But those paintings convey an almost elemental joy: mythical creatures level their gaze out from the canvases, daring the viewer to doubt their reality. Still lifes show platters of seafood, bottles of wine; a marvellously exotic aiguière, or pitcher, shows up again and again. Picasso turned 66 in 1946 and Françoise Gilot was 25. The first of their two children together was born the following year. The war, and the occupation, was over. We sensed a return to life, a guarded optimism. Picasso’s works recalled the ancient Mediterranean past of this castle mount, reaching back to the Greeks and their myths, and placed them side by side with today’s seafood platter and carafe of rosé in one long continuum of sea and light and life.
Downstairs, we walked through galleries devoted to the museum’s collection of other modern artists and stopped for a while in front of Nicolas de Stael’s painting of Antibes’ Fort Carré, all greys and blues, the colors of the coast in a storm.
Downstairs, too, we began to feel the presence of the château itself. Out from under Picasso’s domineering gaze, we noticed the vestiges of the medieval castle: intricate carvings in doorframes and a differently shaped hand-cast terracotta tile pattern for the floor of each room. Each time we passed a window, the sea caught our eye and reminded us where we were.
Back on the ground floor, we went through a door in the inner courtyard and found ourselves face to face with the sea itself. The museum’s back terrace is a sculpture garden and an overlook: we looked to the east and took in the Cap d’Antibes, to the west, past the port of Antibes and along to Nice, and south, across the blue of the sea. That afternoon we understood why those paint chips in hardware stores call it Mediterranean blue: the sea after the rain and the wind was a brilliant deep blue. The sky was so clear that the line where it met the sea was sharp. Seagulls called and swooped and played on the breeze, and a wedding procession drove by on the street below us, horns blaring in celebration.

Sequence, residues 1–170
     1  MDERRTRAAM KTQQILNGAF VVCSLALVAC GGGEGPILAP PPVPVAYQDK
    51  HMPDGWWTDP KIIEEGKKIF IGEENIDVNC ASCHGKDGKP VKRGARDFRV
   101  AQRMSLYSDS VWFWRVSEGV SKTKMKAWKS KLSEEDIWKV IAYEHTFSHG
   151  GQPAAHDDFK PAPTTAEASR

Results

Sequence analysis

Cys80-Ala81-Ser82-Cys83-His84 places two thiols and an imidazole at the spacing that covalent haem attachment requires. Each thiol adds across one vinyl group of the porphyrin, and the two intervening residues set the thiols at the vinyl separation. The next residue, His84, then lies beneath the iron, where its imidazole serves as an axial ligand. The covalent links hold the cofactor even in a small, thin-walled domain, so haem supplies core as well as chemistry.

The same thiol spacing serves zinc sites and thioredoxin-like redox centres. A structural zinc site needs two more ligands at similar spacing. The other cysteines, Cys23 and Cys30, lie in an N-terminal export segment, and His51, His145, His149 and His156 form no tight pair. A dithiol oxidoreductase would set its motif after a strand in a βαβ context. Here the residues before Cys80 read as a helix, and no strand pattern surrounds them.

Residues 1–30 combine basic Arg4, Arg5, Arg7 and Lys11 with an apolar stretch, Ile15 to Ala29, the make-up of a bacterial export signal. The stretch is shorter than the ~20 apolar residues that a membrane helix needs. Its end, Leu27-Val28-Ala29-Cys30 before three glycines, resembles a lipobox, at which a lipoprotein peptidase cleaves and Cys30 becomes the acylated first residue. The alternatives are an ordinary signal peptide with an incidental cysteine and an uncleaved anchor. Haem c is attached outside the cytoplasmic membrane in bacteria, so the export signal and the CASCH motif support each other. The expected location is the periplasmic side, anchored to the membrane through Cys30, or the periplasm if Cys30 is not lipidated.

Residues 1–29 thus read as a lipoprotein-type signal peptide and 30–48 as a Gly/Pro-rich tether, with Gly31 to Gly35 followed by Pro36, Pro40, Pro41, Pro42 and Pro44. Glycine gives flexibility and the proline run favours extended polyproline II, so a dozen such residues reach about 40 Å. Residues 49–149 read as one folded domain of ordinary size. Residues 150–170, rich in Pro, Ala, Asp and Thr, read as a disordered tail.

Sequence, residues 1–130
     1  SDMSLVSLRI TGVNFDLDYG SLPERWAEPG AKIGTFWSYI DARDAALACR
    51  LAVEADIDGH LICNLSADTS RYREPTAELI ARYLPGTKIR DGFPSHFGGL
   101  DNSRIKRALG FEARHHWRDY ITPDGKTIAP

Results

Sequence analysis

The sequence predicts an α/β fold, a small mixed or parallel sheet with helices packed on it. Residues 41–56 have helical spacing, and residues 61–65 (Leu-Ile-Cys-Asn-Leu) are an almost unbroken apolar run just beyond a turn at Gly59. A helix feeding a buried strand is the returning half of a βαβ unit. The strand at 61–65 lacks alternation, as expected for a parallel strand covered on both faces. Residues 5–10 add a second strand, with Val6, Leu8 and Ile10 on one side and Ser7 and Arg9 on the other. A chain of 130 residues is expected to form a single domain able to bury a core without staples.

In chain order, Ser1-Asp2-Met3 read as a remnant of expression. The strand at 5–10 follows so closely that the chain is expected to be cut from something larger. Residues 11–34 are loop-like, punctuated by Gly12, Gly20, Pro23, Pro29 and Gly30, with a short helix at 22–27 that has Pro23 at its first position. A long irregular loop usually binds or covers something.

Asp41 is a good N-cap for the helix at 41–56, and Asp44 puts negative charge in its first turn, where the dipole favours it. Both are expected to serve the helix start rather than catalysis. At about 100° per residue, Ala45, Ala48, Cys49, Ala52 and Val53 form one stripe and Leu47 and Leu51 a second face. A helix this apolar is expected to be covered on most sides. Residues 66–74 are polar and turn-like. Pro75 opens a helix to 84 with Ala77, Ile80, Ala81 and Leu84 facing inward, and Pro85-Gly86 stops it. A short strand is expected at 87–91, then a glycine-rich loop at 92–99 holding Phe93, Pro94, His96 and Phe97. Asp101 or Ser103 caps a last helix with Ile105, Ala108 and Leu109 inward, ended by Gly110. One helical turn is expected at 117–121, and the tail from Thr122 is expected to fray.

We stood on the terrace for a long time, alternately studying the sculptures and the view, before we wandered out of the museum and back down into the town. The wedding in the cathedral was finished, and guests were milling around checking their watches and getting directions to the reception. Outside the Hôtel de Ville, the guests for another wedding were gathered, waiting for the bride and groom to come out of their civil wedding ceremony. We joined them, just behind the (again illegally parked) vintage Bentley; in a few minutes, the couple—she in full-length beaded white satin, he in tails—and their toddler, dressed for the occasion in a very small suit, emerged to the cheers of the assembled. On the way back to the car, we made one more stop, for ice cream. We chose two kinds—nutella and watermelon (not together)—and sat on a bench with our cones while Antibes went by. It wasn’t quite like having a drink with Picasso, but it wasn’t bad.
If you’re hungry after your afternoon at the museum, and if all that showing off means that you have to sweeten the deal for your companions, a stop at the Gelateria del Porto (4, rue Aubernon, vieil Antibes, 06.17.17.23.08) will help. Jean Marc makes it all himself. Nutella gelato is a year-round treat; watermelon (pastèque in French) is seasonal.